The granny stripe crochet pattern has been popular for several years now, especially for making blankets. It’s a lovely, soothing and easy project that can be made in virtually endless color combinations. It was one of the first blanket projects that I ever made:
In this post, I’ll walk you through the basic granny stripe crochet pattern, tips and tricks and plenty of inspiration.
Getting started with a granny stripe
You can make the granny stripe crochet pattern in any size, width-wise, by changing the number of starting chains. All you need to remember is this simple rule:
Starting chain should be a multiple of 3, then add 2
To work out if a number is a multiple of 3, add together the digits. If the number you end up with divides by 3, so does your starting number.
For example, say you want to start with 250 chains. Add the digits: 2 + 5 + 0 =- 7, which doesn’t divide by 3. But, try 252 chains — that’s 2 + 5 + 2 = 9, which does divide by 3. Then add two. So, 254 chains.
If you want to make a blanket that’s six feet wide, you need to start with around 302. For a narrower blanket maybe start with 164. That’s the starting number I used for my granny stripe lap blanket:
You can use this same principle if you choose to make a granny stripe scarf or cowl, too.
The granny stripe pattern
Foundation chain & row
Using a hook size larger than you will use for the main body of the blanket, make a foundation chain with the required number of stitches (a multiple of 3 + 2). Turn your work.
To give the blanket a firm start, DC into the second chain from the hook and then into every chain that follows.
If you prefer, you can make your foundation row in SC or HDC. It doesn’t really matter as long as you have an entire row of firm stitches to start before you go into your granny stripe pattern.
Turn your work. Ch 3, then DC into the base of those chains. *Skip the next 2 stitches, then make 3 DC stitches all into the next stitch.* Repeat the step between the *, until you have just 3 stitches remaining. Work 2 DC into the last sc.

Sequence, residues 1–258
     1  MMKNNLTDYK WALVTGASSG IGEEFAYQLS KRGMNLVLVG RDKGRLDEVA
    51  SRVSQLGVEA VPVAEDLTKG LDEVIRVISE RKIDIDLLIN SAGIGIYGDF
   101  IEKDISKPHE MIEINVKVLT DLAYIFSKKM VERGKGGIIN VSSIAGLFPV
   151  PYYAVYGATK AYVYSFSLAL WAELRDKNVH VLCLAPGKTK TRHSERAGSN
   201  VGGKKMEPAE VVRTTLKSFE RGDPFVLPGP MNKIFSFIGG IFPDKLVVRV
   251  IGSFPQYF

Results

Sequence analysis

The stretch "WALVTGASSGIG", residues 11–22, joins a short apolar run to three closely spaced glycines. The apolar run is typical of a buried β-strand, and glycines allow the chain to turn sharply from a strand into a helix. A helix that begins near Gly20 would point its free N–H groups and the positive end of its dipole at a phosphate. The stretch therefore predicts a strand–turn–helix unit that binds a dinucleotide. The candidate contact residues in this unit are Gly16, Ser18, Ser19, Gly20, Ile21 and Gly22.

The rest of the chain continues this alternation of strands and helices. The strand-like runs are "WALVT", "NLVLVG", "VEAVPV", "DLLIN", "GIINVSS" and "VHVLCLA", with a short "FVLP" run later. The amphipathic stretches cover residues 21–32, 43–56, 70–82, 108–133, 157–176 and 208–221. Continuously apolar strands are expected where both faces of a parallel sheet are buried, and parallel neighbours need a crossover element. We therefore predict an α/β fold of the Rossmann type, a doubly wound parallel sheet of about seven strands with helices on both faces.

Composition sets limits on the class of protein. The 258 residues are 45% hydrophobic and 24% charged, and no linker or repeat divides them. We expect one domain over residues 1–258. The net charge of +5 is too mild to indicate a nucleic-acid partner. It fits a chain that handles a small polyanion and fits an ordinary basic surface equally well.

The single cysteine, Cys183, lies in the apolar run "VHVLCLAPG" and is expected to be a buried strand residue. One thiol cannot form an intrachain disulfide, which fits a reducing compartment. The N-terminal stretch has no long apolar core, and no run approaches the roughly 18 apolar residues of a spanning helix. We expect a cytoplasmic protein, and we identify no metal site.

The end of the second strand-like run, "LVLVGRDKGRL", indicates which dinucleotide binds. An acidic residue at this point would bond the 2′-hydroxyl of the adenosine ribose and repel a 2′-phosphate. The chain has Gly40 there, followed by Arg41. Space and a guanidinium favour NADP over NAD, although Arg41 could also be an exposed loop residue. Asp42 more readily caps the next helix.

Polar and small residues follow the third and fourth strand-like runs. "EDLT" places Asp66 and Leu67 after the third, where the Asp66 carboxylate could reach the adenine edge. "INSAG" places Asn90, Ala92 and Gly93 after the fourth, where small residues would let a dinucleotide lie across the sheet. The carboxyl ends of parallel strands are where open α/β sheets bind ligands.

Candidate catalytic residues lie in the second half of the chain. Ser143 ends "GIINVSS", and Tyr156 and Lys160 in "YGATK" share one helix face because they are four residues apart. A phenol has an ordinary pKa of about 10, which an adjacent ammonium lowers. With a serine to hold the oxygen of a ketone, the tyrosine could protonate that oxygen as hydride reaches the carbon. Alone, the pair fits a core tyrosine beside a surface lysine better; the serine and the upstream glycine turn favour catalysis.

Turn your work. Ch 3, then make 3 DCs into the first space (between the 2 DCs that end Row 1 and the next DC cluster). Continue along the row, making 3 DC into each space between the clusters of Row 1. When you have worked 3 DC into the last space, DC into the top of the turning chain at the start of Row 1.
If you want to complete the next stripe in a different color, cut your first color and secure your tail end.
Join in the next color into the first space between the DC clusters and ch 3. Then make 2 DC stitches into that same space. Continue along the row, making 3 DCs into each space until you reach the last space. Work only 2 DC in here.
Turn your work again. Ch 3, then work 3 DC stitches into the next space. Work 3 DC into each space along the row until you reach the end. Then work 2 DC into the top of the turning chain at the start of Row 3.
Rows 3 and 4 make up the granny stripe pattern repeat , so just keep going to create as many stripes as you like.
Granny stripe inspiration